Editorial: The Cold Reality of State Power

There are plenty of reasons for socialists to be cheerful as we go into the New Year. Our class is once again on the move, fighting to protect its interests, and talking about its future. This is a very good thing. But New Year optimism always gives way in the end to the gloomy realism of a bleak January morning. It is in this spirit that we point to some worrying counter-developments.

On 3 December, Spanish air-traffic controllers walked off the job and called in sick en masse in protest at the imposition of worse working conditions and longer hours. The right of workers to take collective action to protect their interests, including withdrawing their labour, would be considered by most to be a fundamental human right. But under capitalism, the right of capital accumulation to proceed uninhibited is also a fundamental right. Between equal rights, force decides. So the Spanish state declared martial law, sent in the military, and armed police forced the workers back to their desks under threat of a six-year prison sentence. That’s the freedom of labour for you.

Meanwhile, the newspapers have been dominated over the past couple of months with revelations from the WikiLeaks website, which leaked secret communications between US diplomats and their seniors, and earlier posted evidence of atrocities by Western armed forces against civilians in Iraq and Afghanistan. The real significance of these leaks is not so much their content – informed opinion was already aware of most of what was going on. It is that the leaks threaten to make ‘informed opinion’ available to more people. This is, from the point of view of the ruling class and its state, a disaster. First you give people information about what’s going on in the world. The next thing you know they’ll be wanting a say in it. That’s not conducive to flexible labour markets. And so the more extreme sections of the US commentariat called for the murder of WikiLeaks founder Julian Assange; the website has been under continuous attack ever since from hackers and businesses; and Assange has been threatened with extradition to the US to face espionage charges. That’s the freedom of information for you.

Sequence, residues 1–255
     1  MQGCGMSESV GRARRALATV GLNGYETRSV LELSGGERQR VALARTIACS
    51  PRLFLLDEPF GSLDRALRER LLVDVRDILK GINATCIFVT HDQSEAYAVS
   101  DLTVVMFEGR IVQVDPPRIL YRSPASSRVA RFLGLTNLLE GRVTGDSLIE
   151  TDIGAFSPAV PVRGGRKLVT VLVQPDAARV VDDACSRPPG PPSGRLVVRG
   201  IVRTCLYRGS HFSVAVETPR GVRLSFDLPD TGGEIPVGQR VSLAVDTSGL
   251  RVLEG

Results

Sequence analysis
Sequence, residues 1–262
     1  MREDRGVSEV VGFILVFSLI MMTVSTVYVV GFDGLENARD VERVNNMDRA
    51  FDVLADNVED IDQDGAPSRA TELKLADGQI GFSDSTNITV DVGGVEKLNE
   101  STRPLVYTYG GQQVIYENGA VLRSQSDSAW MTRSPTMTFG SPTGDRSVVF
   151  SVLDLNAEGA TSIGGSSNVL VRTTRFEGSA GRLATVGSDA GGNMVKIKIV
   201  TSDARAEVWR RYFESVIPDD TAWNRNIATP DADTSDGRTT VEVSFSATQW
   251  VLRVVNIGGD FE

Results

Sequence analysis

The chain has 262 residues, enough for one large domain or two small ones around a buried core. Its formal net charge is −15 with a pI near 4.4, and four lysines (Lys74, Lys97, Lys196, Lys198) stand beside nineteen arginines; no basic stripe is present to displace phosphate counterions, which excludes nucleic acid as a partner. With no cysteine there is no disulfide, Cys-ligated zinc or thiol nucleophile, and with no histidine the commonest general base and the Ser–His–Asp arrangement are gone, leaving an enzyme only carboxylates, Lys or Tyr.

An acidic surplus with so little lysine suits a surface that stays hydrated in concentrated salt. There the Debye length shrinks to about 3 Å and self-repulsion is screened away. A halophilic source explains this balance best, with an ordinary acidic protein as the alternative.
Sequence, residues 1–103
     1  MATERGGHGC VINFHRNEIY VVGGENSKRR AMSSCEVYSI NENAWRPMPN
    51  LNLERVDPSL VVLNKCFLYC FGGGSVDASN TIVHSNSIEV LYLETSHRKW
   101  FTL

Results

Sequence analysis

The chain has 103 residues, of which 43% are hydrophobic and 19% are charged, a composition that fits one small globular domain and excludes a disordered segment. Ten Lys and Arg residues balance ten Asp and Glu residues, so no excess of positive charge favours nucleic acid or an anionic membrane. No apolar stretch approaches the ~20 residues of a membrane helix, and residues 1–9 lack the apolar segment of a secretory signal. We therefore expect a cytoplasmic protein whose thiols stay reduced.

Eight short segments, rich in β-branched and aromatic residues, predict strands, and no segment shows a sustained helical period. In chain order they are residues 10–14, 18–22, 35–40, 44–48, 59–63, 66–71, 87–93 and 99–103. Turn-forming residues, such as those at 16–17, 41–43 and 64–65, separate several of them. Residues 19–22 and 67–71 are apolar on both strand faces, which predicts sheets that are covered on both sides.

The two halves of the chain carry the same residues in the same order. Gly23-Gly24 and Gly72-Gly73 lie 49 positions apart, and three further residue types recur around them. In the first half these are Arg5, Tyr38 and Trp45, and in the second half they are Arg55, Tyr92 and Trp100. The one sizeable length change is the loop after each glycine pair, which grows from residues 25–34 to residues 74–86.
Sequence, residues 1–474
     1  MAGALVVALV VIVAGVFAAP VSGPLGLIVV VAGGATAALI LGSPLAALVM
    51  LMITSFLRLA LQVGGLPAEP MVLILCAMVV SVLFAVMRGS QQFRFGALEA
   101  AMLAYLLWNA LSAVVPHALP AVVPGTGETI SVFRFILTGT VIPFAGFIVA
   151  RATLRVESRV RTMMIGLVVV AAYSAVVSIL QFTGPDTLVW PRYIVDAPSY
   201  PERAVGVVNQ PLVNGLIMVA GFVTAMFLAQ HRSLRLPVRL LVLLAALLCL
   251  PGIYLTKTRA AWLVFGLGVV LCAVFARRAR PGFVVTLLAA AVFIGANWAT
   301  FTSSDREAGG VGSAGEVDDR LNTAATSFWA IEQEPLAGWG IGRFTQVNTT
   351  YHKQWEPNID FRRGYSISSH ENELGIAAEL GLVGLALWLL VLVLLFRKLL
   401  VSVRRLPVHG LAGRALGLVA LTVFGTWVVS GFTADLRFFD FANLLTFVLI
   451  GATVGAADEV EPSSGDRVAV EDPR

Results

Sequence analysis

Finally, a growing protest movement in the UK against the cuts in state spending on education and other vital social services, led for now by students and university lecturers’ unions, is facing increased state repression. Demonstrators, mostly young adults and children, have been provoked and terrorised by armed police, ‘kettled’ for hours on freezing cold streets without access to food, water or toilet facilities, and then savagely beaten with truncheons. No one is spared this state thuggery: a disabled man with cerebral palsy was beaten by the police and dragged from his wheelchair across a road, and one young man had to have emergency brain surgery after a beating. A death at the hands of the state thugs cannot be very far away. And yet all the talk from the media and the police is of increasing the repression – snatch squads, targeted searches and water cannons have all been mooted. That’s the freedom to protest for you.

What we’re facing is the simple fact that our class enemies hold state power, and will use it, ruthlessly to protect their interests and defend themselves from the threat of democracy. Which is why the Socialist Party argues for the prime importance of taking state power out of their hands.

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